Hong Lee moved to Great Falls 14 years ago for a reason — he fell in love with its rural feel.
"If you want to live in a place with no trees, then why come to Great Falls?" said Lee.
Beverly Kimble has also lived in Great Falls for 14 years. Like Lee, she also loves the community's abundant greenery and winding roads. In fact, Kimble loves Great Falls so much that she hopes she never has to leave.
"I love living here," said Kimble. "But I know that I can't maintain the property I have here today in 10 years — it's too much land and too much house."
Unfortunately for Kimble, this most likely means that she will eventually be forced to sell her property, leave Great Falls and move into some place more manageable. It is a prospect that breaks her heart, and sadly, it is one faced by many older residents of Great Falls.
The future of Great Falls was a much debated topic at last week's Sept. 12 Great Falls Citizens Association (GFCA) meeting at the Grange Hall. It was the association's first meeting since the spring, and much of it focused on the Great Falls 2020 Vision Project, a task assigned to the Great Falls community by Dranesville District Supervisor Joan DuBois.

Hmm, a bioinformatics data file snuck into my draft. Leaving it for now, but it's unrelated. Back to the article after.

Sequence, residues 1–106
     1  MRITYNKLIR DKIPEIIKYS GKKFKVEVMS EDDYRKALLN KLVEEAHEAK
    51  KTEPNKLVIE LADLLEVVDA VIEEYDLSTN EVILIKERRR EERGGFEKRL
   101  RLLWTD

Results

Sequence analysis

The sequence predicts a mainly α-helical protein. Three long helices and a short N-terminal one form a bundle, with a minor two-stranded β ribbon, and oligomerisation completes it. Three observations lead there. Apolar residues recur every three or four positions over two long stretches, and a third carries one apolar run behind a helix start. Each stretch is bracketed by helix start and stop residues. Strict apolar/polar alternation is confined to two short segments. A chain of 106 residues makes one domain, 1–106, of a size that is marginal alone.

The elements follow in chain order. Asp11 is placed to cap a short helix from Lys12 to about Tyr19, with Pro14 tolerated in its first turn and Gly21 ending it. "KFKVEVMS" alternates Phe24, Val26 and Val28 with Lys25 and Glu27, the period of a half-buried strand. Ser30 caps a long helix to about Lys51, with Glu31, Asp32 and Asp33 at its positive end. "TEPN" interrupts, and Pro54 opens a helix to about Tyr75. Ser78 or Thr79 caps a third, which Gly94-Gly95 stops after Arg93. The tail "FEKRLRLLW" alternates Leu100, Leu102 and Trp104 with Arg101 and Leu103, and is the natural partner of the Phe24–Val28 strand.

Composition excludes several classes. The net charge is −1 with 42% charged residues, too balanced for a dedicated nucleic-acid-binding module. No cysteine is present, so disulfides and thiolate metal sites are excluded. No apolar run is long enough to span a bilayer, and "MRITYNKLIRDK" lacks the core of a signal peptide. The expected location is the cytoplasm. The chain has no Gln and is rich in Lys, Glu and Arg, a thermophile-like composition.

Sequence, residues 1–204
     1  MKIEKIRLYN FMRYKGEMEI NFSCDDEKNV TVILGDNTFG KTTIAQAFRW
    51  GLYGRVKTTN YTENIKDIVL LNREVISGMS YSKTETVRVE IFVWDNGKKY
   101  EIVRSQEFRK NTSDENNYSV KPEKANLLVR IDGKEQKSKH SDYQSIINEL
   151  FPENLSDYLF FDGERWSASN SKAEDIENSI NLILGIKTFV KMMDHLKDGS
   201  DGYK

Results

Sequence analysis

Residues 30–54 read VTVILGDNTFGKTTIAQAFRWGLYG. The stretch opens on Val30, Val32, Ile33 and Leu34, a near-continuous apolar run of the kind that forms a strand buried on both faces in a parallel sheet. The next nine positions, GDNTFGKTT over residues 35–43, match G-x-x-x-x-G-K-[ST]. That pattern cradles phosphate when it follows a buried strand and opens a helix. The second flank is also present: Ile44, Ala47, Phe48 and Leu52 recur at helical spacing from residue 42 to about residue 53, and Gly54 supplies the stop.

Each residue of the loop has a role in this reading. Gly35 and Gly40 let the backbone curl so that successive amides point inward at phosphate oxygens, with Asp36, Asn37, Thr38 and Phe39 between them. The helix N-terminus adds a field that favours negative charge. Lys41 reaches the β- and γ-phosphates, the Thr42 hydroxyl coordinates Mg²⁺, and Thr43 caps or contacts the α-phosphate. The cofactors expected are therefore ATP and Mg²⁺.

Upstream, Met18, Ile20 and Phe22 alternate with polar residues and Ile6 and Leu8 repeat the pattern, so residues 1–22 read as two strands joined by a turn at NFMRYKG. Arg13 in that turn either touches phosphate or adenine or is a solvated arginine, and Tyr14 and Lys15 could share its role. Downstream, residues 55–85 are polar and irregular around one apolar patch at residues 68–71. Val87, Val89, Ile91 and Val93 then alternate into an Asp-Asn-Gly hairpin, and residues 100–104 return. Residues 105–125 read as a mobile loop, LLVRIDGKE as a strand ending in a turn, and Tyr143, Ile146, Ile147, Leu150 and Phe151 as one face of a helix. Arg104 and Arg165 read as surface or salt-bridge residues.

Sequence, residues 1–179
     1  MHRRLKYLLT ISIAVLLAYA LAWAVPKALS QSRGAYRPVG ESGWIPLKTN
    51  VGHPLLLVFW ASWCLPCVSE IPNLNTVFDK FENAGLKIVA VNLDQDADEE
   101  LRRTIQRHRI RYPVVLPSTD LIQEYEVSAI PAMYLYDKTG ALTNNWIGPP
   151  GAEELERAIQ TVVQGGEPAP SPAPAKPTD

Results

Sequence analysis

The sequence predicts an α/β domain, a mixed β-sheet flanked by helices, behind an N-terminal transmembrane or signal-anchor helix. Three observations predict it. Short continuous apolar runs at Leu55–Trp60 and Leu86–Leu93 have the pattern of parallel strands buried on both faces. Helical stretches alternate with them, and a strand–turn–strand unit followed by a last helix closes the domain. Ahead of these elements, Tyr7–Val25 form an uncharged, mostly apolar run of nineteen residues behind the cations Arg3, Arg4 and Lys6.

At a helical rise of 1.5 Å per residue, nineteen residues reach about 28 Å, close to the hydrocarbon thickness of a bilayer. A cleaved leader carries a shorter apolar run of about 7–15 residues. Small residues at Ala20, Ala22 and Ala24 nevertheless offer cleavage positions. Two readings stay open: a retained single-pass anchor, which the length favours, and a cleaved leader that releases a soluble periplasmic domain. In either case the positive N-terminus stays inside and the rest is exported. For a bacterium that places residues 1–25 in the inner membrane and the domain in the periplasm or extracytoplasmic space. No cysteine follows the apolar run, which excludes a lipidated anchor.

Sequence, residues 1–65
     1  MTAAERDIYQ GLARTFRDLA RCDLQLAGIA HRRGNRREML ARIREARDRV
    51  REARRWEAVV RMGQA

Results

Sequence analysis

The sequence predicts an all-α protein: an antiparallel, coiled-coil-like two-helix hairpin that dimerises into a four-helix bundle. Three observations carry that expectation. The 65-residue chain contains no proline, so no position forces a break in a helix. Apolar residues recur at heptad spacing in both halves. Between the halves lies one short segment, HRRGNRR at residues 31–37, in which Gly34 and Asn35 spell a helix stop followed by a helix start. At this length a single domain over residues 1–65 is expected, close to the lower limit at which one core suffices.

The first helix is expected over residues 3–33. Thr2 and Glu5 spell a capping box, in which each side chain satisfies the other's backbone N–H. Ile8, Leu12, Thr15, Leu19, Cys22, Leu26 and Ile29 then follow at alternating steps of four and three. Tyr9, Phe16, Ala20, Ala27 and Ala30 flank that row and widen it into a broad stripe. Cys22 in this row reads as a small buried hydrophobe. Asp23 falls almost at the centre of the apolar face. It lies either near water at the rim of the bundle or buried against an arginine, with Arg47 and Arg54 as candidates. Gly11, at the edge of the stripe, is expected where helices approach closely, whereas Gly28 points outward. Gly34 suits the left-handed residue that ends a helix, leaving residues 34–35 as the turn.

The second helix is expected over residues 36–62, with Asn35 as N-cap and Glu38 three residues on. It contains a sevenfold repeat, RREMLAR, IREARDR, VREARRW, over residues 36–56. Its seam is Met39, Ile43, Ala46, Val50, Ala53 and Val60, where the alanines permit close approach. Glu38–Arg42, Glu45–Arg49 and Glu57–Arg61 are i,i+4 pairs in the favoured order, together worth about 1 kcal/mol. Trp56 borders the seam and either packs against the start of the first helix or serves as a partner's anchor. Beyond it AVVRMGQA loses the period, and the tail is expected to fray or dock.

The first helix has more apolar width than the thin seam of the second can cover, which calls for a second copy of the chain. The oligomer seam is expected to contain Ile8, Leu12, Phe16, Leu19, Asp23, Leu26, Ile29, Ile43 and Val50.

"The question that we have for you is what do you want Great Falls to look like in the year 2020," said Kathleen Murphy, co-chair of the Great Falls Citizens Association Long Range Planning committee. "Joan DuBois asked us specifically to prepare this long term vision so the county can have an idea of what we want."
Murphy added that the Great Falls Citizens Association's goal is to collect as much input and feedback, from as many different residents as possible.
"We want to demonstrate to her that we have a broad consensus of citizens that stand behind the vision we come up with," said Thompson.
AS PART OF THE MEETING, representatives from the Coalition for Smarter Growth and the Virginia Chapter of the Sierra Club gave presentations on factors that Great Falls residents should keep in mind as they map out a future vision for their community. Stewart Schwartz, executive director for the Coalition for Smarter Growth, gave a slide show presentation depicting ways in which communities can concentrate higher density development around commercial centers, thus preserving more of the surrounding open space and greenery.